What’s our System of Interest

It also pushed us to make decisions about what our System of Interest is.  What was inside and what was outside.  This is where the “Thinking” in Systems Thinking comes in.  We are having to think not only about problems and solutions, but about how we are going to frame and view the problem/situation/thing.  I think this is an important point.  It’s the conscious and documented decisions we are making about what we are interested in and understanding how they affect the System of Interest if we leave them in or out, that is beginning to set this approach apart.

Things or Functions?

One possible trap we fell into was naming some stakeholders/things in their object, rather than functional form.  For example, we created a terminator for the Allotment Association and Committee and also for the Council.  If we we’re designing a new allotment, rather than exploring the situation as it is, it would be better to have a terminators for functions, rather than organisations, so instead have “management” and “ownership” for example, as they are functions that will need to be fulfilled, because at this stage we wouldn’t need to commit to “how” those functions are to be delivered.  But, we’re exploring the existing system as it is, so it’s OK to have done it the way we have I think, but this is something to remember for the future.

Cmap – Free and fun

Last night, I turned our drawn diagram into a computer based diagram using a program (or “App” for the younger and more trendy members of our group) called Cmap.  It’s an excellent tool and I’d urge you to have a look.  There are several similar free tools, including InsightMaker and Kumu, but I particularly like this one because it works as both an we based application and a downloadable computer based program and diagrams can be saved online in “the cloud” or on your machine.  It makes it a very versatile and practical tool.  It’s easy to pick up and use, and also to print diagrams from.  The printing of diagrams is a bit of a problem in Kumu and Insightmaker and some other tools.  They’ve been designed with collaborative working on/from a screen or projected image in mind, rather than with ability to print off diagrams.  Anyway, Cmap ticks all the right boxes for me, and is free, so have a look and play with it.  Here’s a link to the website:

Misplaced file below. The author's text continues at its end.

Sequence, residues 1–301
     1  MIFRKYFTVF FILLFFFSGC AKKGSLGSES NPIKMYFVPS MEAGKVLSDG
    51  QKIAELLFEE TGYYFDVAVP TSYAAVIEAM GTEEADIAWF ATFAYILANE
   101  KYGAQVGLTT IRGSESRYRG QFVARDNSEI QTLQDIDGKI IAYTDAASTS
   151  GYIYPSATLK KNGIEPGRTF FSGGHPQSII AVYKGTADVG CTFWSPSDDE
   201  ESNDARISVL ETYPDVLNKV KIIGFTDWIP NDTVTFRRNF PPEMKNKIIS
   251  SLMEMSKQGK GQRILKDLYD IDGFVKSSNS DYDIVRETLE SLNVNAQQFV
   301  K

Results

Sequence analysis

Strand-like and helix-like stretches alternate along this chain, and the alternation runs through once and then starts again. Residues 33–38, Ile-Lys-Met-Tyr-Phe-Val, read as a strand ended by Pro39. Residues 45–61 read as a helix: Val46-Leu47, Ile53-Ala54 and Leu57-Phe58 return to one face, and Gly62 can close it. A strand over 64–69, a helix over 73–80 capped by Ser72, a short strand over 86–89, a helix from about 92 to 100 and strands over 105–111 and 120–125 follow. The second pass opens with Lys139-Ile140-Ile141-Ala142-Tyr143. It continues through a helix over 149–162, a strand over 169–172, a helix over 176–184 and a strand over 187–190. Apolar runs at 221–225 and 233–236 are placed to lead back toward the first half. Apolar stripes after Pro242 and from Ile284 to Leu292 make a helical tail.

And here’s  the model we built.

If you want to view a larger version, go here.

Context Diagram - Rabbit Hill

Here is another copy of the diagram.  I’ve redrawn a possible new  system boundary around what we thought was probably our System of Interest. Click on the picture to enlarge.

Revised Rabbit Hill Allotments System Boundary
Revised Rabbit Hill Allotments System Boundary

We started the exercise with the premise that the System of Interest is just the physical allotments and that everything else was outside of it and in the “context”.  It became clear as we built our Context Diagram that this boundary was probably inappropriate and we would need to include some of the key actors, including the allotment holders, association and committee and also the local Council within our System of Interest.

I think an argument could also be made that we should include services and transport infrastructure.

We’ll debate the boundary

I suggest we begin next week’s session by looking at this boundary and deciding what we want to put inside and what we want to leave out.  We’ll need to justify why we are happy to leave out the things that we do.  For example, suppliers of seeds and plants are so ubiquitous locally as physical shops and as online retailers and we don’t have any control or influence over them, it’s probably reasonable to leave them outside.  We need to consider, justify and document our decisions though. Again, we’re “Thinking”.